This is the first (likely) published case to construe the 2013 amendments to the ch. 980 discharge petition standard. The court of appeals holds that while the legislature required a committed person seeking a discharge trial to meet a higher burden of production, it did not permit courts to deny a trial based on an assessment that the evidence as a whole favors the state.
The state has been trying to convince the courts for some time that, even if a committed person comes to court with new evidence that he does not meet the criteria for commitment, the court can deny him a trial if it finds other evidence supporting continued commitment more persuasive.
The problem: there is no statutory support for this claim.
Thus held our supreme court in State v. Arends, 2010 WI 46, 325 Wis. 2d 1, 784 N.W.2d 513. The state argued that a then-recent amendment, which removed the mandatory “probable cause” hearing on discharge petitions, required the petitioner to prove he was not a sexually violent person in order to receive a trial at which the state would try to prove that he was. (?!) Id., ¶¶35-37.
The court rejected this argument, noting the clear language of the statute, which required a trial where “facts exist from which a court or jury could conclude the person does not meet criteria for commitment.” Wis. Stat. § 980.09(2) (2007-08):
We take the standard delineated in the statute at face value. It contains neither the phrase “probable cause” nor the phrase “preponderance of the evidence,” both of which are common terms of art that the legislature could have employed….
We reject the State’s argument that the circuit court may weigh evidence favoring the petitioner directly against evidence disfavoring the petitioner. This is impermissible because the standard is not whether the evidence more heavily favors the petitioner, but whether the enumerated items contain facts that would allow a factfinder to grant relief for the petitioner. If the enumerated items do contain such facts, the presence of evidence unfavorable to the petitioner — a re-examination report reaching a conclusion that the petitioner was still more likely than not to sexually reoffend, for example — does not negate the favorable facts upon which a trier of fact might reasonably rely.
The legislature again amended the statute in 2013; the main change being that the person is entitled to a discharge trial if the record “contains facts from which a court of jury would likely conclude” (as opposed to the old “could conclude”) the person no longer meets the criteria. § 980.09(2) (2015-16). Despite this amendment also having nothing to do with weighing (as before, it says nothing about “preponderance of the evidence” or any sort of burden of proof), the state once again claims the legislature has adopted its preferred test. The court:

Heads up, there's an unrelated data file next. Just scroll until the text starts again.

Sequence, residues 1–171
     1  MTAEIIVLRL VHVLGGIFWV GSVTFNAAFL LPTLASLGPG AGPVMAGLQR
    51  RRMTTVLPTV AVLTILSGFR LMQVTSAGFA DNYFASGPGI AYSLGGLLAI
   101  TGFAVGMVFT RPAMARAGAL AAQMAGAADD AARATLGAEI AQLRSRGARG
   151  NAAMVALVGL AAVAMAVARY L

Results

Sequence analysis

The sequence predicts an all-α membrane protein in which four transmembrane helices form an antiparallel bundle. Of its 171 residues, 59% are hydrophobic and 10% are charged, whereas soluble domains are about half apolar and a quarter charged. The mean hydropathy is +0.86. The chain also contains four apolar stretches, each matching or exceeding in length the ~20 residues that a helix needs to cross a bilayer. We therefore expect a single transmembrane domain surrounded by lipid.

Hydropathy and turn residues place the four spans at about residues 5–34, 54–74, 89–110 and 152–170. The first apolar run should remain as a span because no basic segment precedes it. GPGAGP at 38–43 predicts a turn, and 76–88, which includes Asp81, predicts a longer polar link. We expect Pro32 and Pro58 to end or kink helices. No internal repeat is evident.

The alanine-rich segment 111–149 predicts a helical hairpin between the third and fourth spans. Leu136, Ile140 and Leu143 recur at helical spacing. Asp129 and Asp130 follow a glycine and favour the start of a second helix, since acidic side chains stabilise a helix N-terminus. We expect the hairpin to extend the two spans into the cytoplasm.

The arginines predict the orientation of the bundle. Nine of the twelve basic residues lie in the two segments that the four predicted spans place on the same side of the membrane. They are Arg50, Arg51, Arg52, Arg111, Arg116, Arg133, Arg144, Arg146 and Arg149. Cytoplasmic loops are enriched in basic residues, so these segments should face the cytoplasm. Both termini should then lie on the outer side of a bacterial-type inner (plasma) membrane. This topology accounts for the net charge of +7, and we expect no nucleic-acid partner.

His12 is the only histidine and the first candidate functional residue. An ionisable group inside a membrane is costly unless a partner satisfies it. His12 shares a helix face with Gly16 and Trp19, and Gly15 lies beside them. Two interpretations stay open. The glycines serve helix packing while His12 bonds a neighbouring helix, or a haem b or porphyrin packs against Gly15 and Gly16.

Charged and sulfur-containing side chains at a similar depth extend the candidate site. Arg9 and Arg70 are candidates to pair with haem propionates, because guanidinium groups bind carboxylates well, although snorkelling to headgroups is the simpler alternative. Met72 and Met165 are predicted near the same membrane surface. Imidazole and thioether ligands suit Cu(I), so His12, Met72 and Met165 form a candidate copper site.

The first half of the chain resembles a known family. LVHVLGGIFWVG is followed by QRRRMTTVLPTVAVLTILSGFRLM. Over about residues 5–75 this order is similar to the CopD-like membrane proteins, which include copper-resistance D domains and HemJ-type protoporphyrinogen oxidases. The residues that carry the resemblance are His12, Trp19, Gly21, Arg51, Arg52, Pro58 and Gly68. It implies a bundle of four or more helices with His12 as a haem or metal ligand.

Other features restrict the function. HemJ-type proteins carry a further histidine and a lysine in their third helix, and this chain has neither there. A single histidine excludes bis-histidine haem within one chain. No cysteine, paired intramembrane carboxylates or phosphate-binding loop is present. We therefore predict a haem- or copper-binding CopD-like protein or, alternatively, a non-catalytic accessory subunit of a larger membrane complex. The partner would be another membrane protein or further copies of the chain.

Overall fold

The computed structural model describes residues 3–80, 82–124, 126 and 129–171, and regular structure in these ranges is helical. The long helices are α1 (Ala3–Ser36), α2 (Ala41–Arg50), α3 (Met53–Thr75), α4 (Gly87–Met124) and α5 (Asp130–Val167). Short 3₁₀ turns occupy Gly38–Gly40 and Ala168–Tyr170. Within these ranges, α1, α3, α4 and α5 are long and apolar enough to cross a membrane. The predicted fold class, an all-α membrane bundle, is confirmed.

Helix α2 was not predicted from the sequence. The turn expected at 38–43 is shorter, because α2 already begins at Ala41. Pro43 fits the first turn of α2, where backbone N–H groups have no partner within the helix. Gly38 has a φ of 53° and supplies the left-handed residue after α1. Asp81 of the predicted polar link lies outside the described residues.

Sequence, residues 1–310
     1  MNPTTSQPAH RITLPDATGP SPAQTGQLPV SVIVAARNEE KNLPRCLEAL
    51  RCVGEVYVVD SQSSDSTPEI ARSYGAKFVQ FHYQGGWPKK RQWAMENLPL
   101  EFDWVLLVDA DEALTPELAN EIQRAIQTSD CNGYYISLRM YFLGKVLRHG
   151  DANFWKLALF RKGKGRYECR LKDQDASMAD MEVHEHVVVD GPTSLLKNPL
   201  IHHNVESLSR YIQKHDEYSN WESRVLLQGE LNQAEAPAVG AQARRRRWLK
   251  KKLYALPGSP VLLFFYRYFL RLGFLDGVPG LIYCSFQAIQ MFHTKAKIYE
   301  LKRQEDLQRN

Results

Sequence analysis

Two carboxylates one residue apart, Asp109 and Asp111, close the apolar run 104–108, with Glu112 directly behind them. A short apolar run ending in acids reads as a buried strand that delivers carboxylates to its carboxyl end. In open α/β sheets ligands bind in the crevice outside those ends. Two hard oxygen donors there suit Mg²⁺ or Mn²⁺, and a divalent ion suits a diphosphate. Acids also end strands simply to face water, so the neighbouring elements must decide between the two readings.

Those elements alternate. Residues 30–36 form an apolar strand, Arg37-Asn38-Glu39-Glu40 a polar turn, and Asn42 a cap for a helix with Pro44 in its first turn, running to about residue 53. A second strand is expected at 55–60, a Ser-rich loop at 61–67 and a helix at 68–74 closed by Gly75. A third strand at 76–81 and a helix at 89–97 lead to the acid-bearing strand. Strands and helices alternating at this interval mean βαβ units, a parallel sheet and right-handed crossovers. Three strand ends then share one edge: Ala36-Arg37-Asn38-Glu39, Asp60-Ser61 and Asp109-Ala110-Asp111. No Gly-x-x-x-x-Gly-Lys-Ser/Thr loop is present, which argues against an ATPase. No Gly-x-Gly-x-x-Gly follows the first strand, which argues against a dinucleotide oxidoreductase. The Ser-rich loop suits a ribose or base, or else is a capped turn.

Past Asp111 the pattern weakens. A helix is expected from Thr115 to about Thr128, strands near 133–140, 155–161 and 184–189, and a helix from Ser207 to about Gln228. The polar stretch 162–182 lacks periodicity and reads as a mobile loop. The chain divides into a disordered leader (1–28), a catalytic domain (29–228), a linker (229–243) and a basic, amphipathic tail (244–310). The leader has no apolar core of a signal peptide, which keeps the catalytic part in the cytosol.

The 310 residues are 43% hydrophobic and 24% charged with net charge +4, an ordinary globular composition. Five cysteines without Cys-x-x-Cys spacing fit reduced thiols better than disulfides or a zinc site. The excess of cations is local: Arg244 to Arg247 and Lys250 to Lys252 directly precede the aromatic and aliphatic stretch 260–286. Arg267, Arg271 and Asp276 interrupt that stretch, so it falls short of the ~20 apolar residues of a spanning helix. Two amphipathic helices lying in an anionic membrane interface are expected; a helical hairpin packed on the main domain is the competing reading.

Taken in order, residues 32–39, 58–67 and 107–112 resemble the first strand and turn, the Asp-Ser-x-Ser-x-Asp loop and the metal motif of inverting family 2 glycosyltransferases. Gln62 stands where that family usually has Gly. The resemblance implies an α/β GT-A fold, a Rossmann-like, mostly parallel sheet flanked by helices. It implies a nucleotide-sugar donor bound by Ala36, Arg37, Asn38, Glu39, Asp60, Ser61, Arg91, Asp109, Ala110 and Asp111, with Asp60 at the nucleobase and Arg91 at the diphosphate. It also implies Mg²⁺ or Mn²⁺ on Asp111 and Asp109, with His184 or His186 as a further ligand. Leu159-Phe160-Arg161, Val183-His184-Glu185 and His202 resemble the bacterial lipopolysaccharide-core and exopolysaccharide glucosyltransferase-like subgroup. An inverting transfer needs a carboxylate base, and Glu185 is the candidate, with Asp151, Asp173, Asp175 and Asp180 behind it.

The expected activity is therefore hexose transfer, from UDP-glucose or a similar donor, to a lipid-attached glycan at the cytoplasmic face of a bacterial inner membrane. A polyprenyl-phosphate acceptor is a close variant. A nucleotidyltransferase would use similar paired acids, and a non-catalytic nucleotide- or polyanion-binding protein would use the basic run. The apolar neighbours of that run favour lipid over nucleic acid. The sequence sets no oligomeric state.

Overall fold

We do not agree. WISCONSIN STAT. § 980.09(2) still asks whether the “record,” as defined under subsection (2), contains such facts as would justify holding a discharge trial. If the circuit court determines the record does contain facts from which a court or jury would likely conclude the person no longer meets the criteria for commitment, the court must set the matter for a discharge trial. Again, this language does not clearly direct the circuit court to “weigh” anything, at least not to an extent greater than it did when Arends was decided. Instead, the court must determine whether the facts in the record favorable to the petitioner… establish a reasonable likelihood of success at an ensuing discharge trial.
Hager also argued that if the statute were construed as the state wishes, it would violate due process, since it would require the committed person to carry the burden of persuasion in order to have a chance to be freed from commitment. Hager argued that this is forbidden by, e.g., Foucha v. Louisiana, 504 U.S. 71, 80 (1992). The court, having found the plain statutory language does not establish such a burden, does not need to address the constitutional issue. (¶44).
The state has never made any argument that Hager is not entitled to a trial if its “weighing” regime is not adopted, and the court of appeals has no trouble determining that his petition clears the bar:
Wakefield’s expert report in support of Hager’s petition opined that Hager was no longer more likely than not to commit a future act of sexual violence. To support her opinion, she cited her application of two actuarial risk instruments, the Static-99R and the MATS-1, that the experts at Hager’s initial commitment trial did not consider. In addition, Wakefield opined that certain facts and dynamic factors, including Hager’s advancing age and reduced sexual deviance following treatment (which was verified in part by physiological testing), reduced Hager’s risk below the minimum threshold necessary for continued commitment. Wakefield’s report, and anticipated testimony consistent therewith, constituted relevant, probative evidence from which a factfinder “would likely conclude” that Hager no longer qualifies as a “sexually violent person.” We therefore remand for the circuit court to hold a discharge trial in accordance with WIS. STAT. § 980.09(3) through (5).